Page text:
There are places where electricity is not the only product of a solar array. Kroka Expeditions is one of them.
Atop the old farmhouse, which is quite large, there is a solar array, which was installed by ReVision Energy. It has 37 panels. They provide about 14,500 kilowatt-hours of electricity, eliminating production of well over 15,000 pounds of carbon dioxide, each year. This solar array is important for providing Kroka Expeditions with renewable energy it needs to meet its climate goals. But it has another importance that must not be overlooked. It is a part of a way of life that is handed down to the students being educated there. It is central to a connection to nature that provides students with a special understanding of how they fit into nature because along with the farming and connection with the wetlands and forest, it is a focus of education, teaching students ways to be part of nature without disrupting it. That is a message we all should learn.
While this is an impressive amount of solar, Kroka Expeditions offers much more sustainable experiences. If we tell you that Kroka Expeditions is a school, we would be telling the truth, in a way. But the vision you might get from that statement is so far from reality that more explanation is necessary. A better statement might be that Kroka Expeditions is non-profit organization that offers young people learning experiences built around connections of self with nature, community, and the resources we need for life. It gives its students insights that are simply not available in a conventional school, and they range from such things as growing the food they eat to going on lengthy adventures into the natural world.
Misha Golfman and Lynne Boudreau founded Kroka in 1996 as a summer camp program for the Hilltop Montessori School in Brattleboro, Vermont. It took advantage of the location, including stream and forest sites. Golfman has said, “Nature is a great teacher,” and Kroka took advantage of the skills nature provided. In time it grew to include not just forestry and farming, but a range of subjects from wilderness living to examining sustainable small building design. It has programs that start with gathering the resources to build a canoe and only end after reaching a goal hundreds of miles away.
Kroka has moved and grown. Now it is on a 120-acre site in Marlow, New Hampshire. It has wetlands, farmland, and forest. Students participate in the farming and in the life of the community, as they grow food and split wood in addition to activities that vary by season and program. And yes, that does include accredited work in a standard curriculum.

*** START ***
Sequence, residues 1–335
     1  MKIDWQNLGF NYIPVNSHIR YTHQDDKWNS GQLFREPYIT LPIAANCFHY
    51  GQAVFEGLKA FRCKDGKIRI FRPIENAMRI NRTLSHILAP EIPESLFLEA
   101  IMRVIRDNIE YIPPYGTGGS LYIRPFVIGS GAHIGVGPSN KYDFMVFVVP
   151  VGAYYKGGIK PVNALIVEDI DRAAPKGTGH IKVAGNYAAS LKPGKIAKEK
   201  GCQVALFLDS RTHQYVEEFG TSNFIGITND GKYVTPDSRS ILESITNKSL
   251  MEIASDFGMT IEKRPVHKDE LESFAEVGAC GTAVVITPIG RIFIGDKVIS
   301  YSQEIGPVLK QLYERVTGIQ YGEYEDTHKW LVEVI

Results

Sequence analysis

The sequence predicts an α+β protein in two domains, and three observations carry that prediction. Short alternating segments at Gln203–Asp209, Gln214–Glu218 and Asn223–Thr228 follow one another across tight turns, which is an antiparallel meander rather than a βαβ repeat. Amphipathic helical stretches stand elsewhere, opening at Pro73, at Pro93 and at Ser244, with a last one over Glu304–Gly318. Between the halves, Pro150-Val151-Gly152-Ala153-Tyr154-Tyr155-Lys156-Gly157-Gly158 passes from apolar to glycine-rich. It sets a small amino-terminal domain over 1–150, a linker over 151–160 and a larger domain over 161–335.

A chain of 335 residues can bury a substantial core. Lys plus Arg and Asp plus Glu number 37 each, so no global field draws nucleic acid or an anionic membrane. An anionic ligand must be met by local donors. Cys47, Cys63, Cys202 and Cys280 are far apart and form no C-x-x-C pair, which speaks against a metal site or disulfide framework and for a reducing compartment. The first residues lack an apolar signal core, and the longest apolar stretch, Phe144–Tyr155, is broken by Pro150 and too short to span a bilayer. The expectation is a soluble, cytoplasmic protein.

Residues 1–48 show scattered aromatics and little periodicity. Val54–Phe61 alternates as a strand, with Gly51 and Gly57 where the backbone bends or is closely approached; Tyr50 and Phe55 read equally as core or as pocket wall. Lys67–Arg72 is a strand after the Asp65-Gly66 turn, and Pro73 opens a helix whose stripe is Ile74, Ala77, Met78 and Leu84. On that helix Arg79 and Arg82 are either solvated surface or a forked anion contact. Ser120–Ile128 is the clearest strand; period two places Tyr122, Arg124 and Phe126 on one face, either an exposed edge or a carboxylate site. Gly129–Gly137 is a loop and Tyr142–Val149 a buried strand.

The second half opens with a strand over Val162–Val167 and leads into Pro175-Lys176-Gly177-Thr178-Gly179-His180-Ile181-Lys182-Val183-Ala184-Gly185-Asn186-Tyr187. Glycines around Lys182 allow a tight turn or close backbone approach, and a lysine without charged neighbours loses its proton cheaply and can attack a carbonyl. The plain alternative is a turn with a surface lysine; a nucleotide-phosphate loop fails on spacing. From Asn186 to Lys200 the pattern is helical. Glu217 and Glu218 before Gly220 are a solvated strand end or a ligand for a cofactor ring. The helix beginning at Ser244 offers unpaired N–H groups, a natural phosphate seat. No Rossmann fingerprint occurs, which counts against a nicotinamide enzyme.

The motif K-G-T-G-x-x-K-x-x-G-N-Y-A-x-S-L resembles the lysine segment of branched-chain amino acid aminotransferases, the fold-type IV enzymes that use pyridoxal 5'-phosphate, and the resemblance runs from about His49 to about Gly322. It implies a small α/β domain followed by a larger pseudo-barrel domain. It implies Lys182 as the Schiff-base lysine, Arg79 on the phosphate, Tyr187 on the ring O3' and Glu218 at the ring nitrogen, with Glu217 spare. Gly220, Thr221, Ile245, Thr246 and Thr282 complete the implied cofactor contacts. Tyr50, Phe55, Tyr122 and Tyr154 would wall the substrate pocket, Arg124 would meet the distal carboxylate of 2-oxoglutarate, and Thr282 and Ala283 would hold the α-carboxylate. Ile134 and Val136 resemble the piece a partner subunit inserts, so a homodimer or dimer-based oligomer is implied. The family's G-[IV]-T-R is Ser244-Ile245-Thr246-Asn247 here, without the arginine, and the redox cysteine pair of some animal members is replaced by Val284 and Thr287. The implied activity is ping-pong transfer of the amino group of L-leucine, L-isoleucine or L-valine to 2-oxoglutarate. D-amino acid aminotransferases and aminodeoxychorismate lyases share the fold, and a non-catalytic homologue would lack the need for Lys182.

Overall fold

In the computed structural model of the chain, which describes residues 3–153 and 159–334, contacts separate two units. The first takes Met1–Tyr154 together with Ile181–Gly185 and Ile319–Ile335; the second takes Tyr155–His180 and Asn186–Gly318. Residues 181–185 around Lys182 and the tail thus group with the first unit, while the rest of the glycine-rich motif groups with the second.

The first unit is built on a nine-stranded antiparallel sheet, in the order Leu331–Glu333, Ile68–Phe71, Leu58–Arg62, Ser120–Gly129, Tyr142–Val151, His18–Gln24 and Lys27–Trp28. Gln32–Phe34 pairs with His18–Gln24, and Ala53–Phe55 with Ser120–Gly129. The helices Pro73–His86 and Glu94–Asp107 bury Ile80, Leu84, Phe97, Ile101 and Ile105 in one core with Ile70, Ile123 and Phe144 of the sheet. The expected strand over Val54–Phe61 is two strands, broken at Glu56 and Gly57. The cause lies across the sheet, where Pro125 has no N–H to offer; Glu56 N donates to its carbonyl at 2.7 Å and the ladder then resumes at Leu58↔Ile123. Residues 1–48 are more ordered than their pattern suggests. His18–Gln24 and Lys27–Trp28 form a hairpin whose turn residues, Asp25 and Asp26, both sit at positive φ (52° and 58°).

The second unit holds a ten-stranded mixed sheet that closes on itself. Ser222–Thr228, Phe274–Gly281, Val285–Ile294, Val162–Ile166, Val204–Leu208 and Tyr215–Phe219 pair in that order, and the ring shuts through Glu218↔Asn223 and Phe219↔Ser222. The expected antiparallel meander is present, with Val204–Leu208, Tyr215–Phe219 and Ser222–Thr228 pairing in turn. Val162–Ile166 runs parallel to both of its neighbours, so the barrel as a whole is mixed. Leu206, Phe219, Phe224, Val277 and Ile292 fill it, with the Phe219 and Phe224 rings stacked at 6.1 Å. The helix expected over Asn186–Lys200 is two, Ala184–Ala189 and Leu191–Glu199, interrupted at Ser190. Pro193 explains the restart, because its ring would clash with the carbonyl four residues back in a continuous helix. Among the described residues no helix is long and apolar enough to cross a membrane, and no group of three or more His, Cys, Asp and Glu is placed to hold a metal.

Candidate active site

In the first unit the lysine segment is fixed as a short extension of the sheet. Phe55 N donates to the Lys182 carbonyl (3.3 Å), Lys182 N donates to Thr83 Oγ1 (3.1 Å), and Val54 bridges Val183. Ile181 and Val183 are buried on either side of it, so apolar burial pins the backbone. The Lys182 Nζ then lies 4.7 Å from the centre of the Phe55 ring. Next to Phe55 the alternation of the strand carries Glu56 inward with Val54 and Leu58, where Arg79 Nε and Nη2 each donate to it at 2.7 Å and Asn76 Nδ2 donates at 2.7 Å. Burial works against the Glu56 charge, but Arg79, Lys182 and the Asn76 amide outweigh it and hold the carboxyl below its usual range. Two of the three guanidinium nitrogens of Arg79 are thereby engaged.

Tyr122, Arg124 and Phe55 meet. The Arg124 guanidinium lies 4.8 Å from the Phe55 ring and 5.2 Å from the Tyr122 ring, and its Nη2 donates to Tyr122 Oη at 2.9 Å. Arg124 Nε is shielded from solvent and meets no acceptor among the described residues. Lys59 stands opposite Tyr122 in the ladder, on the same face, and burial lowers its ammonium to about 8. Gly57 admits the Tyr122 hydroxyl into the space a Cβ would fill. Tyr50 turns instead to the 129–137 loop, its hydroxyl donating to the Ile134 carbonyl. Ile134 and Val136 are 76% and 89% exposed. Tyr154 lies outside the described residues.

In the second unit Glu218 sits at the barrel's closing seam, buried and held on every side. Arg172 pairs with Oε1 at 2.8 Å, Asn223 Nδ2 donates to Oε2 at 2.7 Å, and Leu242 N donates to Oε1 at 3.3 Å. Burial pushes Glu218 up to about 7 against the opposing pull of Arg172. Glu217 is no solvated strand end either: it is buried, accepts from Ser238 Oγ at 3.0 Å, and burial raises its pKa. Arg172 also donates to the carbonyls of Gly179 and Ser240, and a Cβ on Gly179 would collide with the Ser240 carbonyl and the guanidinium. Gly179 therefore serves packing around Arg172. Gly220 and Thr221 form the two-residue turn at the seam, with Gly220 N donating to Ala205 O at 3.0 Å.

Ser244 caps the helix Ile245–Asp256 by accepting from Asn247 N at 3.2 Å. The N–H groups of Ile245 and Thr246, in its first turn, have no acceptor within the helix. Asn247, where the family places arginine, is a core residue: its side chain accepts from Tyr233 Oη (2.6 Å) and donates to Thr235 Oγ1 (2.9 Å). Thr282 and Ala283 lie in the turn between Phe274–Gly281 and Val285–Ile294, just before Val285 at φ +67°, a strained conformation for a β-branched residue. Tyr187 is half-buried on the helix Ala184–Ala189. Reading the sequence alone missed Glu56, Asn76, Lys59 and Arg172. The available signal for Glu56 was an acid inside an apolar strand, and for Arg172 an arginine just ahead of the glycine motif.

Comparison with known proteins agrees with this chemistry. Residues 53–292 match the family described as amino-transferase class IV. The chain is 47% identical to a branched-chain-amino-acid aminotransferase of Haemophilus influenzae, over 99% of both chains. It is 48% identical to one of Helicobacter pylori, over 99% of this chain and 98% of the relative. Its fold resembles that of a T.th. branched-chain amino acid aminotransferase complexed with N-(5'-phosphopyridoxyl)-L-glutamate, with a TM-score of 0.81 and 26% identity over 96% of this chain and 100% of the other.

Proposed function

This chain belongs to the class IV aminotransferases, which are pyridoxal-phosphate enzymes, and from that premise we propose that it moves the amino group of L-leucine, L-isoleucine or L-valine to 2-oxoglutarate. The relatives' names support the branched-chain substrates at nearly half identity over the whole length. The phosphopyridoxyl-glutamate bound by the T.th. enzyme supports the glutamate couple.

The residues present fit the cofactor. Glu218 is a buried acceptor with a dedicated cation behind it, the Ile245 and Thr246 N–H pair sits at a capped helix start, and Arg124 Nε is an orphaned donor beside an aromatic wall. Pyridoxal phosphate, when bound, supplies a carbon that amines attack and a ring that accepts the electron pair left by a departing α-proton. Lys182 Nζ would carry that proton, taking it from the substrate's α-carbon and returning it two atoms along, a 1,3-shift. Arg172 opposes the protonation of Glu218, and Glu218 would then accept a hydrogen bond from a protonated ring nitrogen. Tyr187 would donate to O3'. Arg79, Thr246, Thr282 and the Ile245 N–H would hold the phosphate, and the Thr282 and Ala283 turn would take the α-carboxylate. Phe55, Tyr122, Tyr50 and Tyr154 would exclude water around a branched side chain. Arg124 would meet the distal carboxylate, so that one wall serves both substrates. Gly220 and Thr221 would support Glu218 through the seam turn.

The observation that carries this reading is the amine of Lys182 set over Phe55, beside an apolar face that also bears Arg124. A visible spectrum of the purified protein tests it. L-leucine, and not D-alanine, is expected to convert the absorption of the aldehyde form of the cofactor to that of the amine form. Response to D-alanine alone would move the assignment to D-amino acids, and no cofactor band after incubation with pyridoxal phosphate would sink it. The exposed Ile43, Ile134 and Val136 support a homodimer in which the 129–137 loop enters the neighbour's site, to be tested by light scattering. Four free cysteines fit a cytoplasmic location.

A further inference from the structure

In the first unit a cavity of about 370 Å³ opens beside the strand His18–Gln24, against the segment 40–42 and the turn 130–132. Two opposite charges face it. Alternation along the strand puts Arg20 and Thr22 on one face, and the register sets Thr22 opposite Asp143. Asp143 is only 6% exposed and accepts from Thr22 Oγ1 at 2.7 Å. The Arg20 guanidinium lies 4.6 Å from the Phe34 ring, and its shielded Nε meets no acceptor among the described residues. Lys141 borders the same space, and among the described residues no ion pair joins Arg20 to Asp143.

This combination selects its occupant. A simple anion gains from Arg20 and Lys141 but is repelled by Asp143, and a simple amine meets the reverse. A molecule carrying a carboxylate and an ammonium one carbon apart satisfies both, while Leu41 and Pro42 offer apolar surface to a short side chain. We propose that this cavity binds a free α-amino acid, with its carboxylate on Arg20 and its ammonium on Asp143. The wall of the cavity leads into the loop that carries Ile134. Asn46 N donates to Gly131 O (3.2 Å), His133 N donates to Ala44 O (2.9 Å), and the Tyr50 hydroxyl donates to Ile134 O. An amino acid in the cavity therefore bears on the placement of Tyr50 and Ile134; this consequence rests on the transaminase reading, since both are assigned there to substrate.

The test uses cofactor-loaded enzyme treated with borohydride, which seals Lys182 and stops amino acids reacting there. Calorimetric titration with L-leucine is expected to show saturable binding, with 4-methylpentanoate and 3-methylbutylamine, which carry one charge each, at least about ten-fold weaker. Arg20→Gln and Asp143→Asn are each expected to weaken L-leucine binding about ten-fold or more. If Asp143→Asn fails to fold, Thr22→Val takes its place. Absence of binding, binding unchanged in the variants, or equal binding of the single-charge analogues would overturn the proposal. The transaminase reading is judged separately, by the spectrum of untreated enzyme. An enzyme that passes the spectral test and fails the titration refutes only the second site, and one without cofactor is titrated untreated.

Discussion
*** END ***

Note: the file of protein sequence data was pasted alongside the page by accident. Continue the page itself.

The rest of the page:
Students can attend for relatively short periods, a full semester, or longer. There are expeditions that go rather far afield. Some students sail and paddle their way from the Canadian border to New York City. Some have explored the Rio Grande. The opportunities are changing, and they seem almost endless.
The school is based on the Waldorf system of education, and to some extent on the Montessori system. According to its website, “Some of the observations and insights of Rudolf Steiner are woven into Kroka’s practices, from biodynamic gardening and the use of homeopathic medicine to Goethean observation.”
With that background information, the reader might not be particularly surprised to learn something, though it also seems rather astonishing. Kroka’s main building, a 200-year-old farmhouse, is being painstakingly renovated based on the standards of the Living Building Challenge (LBC). Readers of Green Energy Times may recognize the LBC standard as a goal that is challenging to achieve in a new building. (For more information on the LBC, please see, “Wright Builders, Inc. Develops EarthKind Homes,” in the January, 2021 edition – www.bit.ly/390qSue).
The Living Building goals require attention to detail relating to everything in the structure and how it impacts the natural environment around it. Energy has to be examined, just as it would in a building that is to have net-zero emissions, but the same is true of all the materials the building is made of, including how they were produced and how they got to the site. And it is true of water, waste, areas around the building and so on.
Misha Golfman told us, “We completed a fully regenerative building, disconnected from fossil fuels. It uses only local resources.” Water and food come from sustainable sources, waste is composted or used for sustainability. It is important that they have achieved operations which are completely free of non-sustainable energy sources. No fossil fuels are used for light, heat, or operations. Firewood is harvested for heat. And the electricity all comes from the sun. (See Kroka’s ad on page 20)